Burning Mouth Syndrome: Clinical Presentation and Management

Lamb, Andrew Bowen (1990) Burning Mouth Syndrome: Clinical Presentation and Management. DDS thesis, University of Glasgow.

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A review of the literature on Burning Mouth Syndrome (BMS) revealed that many aetiological factors for the condition had been proposed. Nevertheless the relative role of individual factors had rarely been assessed and no prospective study previously had been reported. Therefore the aim of the study was to further understand the aetiology of BMS and to devise a treatment protocol. The design of the study specifically avoided the approach of other authors which had focused attention only on their particular specialist areas. As a result treatment was often of a fragmented nature with multiple referrals to practitioners in different specialties. The past literature was further confused by the inclusion of patients with specific conditions in which the patient may report a burning sensation such as erosive lichen planus and geographic tongue. These conditions characterised by possible mucosal changes have their own specific treatment regimes and are distinct from BMS where patients have no visible oral changes. Based on a knowledge of the literature a prospective study of 150 patients with BMS was undertaken. Care was taken to ensure that no patients that had visible oral changes were included. It became clear that patients with BMS gave a varied history and therefore did not constitute a homogenous group. The validity of recognising subtypes of BMS was evaluated as it could have prognostic implications. A classification system was introduced such that patients who said their burning was absent on waking, developed as the day progressed and was maximal in the evening were termed Type I BMS. Others who reported burning which was present on waking and was constant throughout the day were termed Type 2 BMS. In both Type I and Type 2 BMS burning was unremitting being present every day. Less commonly patients reported variable burning which was not necessarily present each day, these patients being classified as Type 3 BMS. Thirty five per cent of patients were classified Type I, 54% Type 2 and 11% Type 3. In order to quantify the severity of symptoms a linear analogue scale was employed. This allowed a baseline assessment of the severity of patients' initial symptoms and allowed progress during treatment to be quantified. Other data collected and analysed included the oral site of burning, duration of symptoms, age, sex, sleep pattern, home and social circumstances and cancerphobia. Haematological investigations included serum ferritin, corrected whole blood folate, serum vitamin B12, blood film and haemoglobin. Biochemical investigations were undertaken to detect undiagnosed diabetes mellitus and for 67 patients assays for Vitamin B1, B2, B6 and Vitamins A, C, D and E were completed. The oral flora was sampled and stimulated parotid salivary flow rates were estimated. Dentures, if worn, were assessed for factors contributing to overloading of the oral tissues in particular tongue restriction and excessive vertical dimension were noted. Parafunctional activity was investigated. Psychological aspects of BMS have tended to dominate the literature. In this study one third of patients were assessed using the Cattell's 16 PF Form C questionnaire. The results from this component of the study indicated that 60% of the sample had psychological abnormalities. A structured treatment protocol was developed so that any detected abnormalities were managed appropriately. Using the linear analogue scale to assess outcome of treatment 60% of patients with BMS were cured and sustained improvement in symptoms was reported by a further 11% with a minimum follow up period of 18 months. Whilst 54% of patients assessed with the Cattell's 16 PF Form C questionnaire as being psychologically disabled were cured compared to 68% of patients who were assessed as psychologically normal, those patients with a Type 2 history of BMS particularly when anxiety was present were significantly less likely to have a successful outcome. This finding supports the opinion that patients with BMS should not be regarded as a homogeneous group. The results of the study have placed in context the relative importance of organic factors including haematological, biochemical, microbiological and prosthodontic elements and non-organic factors such as psychological status. For the first time a prospective analysis of a cohort group has permitted justification for attention to be paid to all potential aetiological factors, since only 4756 of patients cured were cured as a result of treatment of one factor alone. However, replacement dentures, management of parafunctional activity, vitamin B1 and vitamin B6 replacement therapy and the use of the tricyclic anti depressant, Dothiepen (Prothiaden) were shown to be the most useful in treatment. The precise role of all aetiological factors is fully discussed and the importance of taking cognisance of psychological, social and domestic circumstances and cancerphobia is stressed. Finally suggestions for future avenues of research are proposed.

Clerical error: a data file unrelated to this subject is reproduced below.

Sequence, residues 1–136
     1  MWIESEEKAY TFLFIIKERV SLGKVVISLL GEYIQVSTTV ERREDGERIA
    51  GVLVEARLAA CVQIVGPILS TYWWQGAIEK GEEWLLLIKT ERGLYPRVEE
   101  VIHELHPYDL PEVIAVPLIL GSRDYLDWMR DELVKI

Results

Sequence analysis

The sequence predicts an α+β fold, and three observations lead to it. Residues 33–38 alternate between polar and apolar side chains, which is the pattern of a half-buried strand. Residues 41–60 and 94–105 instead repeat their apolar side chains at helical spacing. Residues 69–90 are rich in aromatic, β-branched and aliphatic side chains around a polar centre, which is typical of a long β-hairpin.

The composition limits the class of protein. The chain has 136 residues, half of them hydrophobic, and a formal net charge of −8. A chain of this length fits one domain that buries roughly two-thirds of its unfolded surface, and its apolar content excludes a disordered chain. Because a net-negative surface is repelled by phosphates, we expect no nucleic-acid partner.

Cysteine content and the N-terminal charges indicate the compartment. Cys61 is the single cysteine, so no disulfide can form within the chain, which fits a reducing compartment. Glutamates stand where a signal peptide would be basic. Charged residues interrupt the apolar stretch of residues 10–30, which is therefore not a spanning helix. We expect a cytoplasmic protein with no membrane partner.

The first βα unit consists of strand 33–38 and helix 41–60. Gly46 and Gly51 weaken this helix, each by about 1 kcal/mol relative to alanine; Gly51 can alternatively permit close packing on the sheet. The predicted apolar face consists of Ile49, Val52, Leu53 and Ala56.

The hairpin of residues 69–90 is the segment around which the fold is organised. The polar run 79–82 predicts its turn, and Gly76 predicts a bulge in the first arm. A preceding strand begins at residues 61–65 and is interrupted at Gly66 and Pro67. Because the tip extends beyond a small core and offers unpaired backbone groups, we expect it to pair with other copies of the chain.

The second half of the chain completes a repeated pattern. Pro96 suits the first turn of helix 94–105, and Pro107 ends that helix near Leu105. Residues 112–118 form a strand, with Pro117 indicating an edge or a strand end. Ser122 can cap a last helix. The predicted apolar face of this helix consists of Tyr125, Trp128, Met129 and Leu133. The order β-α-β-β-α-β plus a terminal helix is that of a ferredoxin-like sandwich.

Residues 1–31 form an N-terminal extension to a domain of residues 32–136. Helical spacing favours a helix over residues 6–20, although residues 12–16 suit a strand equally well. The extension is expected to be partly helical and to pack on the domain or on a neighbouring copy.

Item Type: Thesis (DDS)
Qualification Level: Doctoral
Keywords: Dentistry
Date of Award: 1990
Depositing User: Enlighten Team
Unique ID: glathesis:1990-78070
Copyright: Copyright of this thesis is held by the author.
Date Deposited: 28 Feb 2020 12:09
Last Modified: 28 Feb 2020 12:09
URI: https://theses.gla.ac.uk/id/eprint/78070

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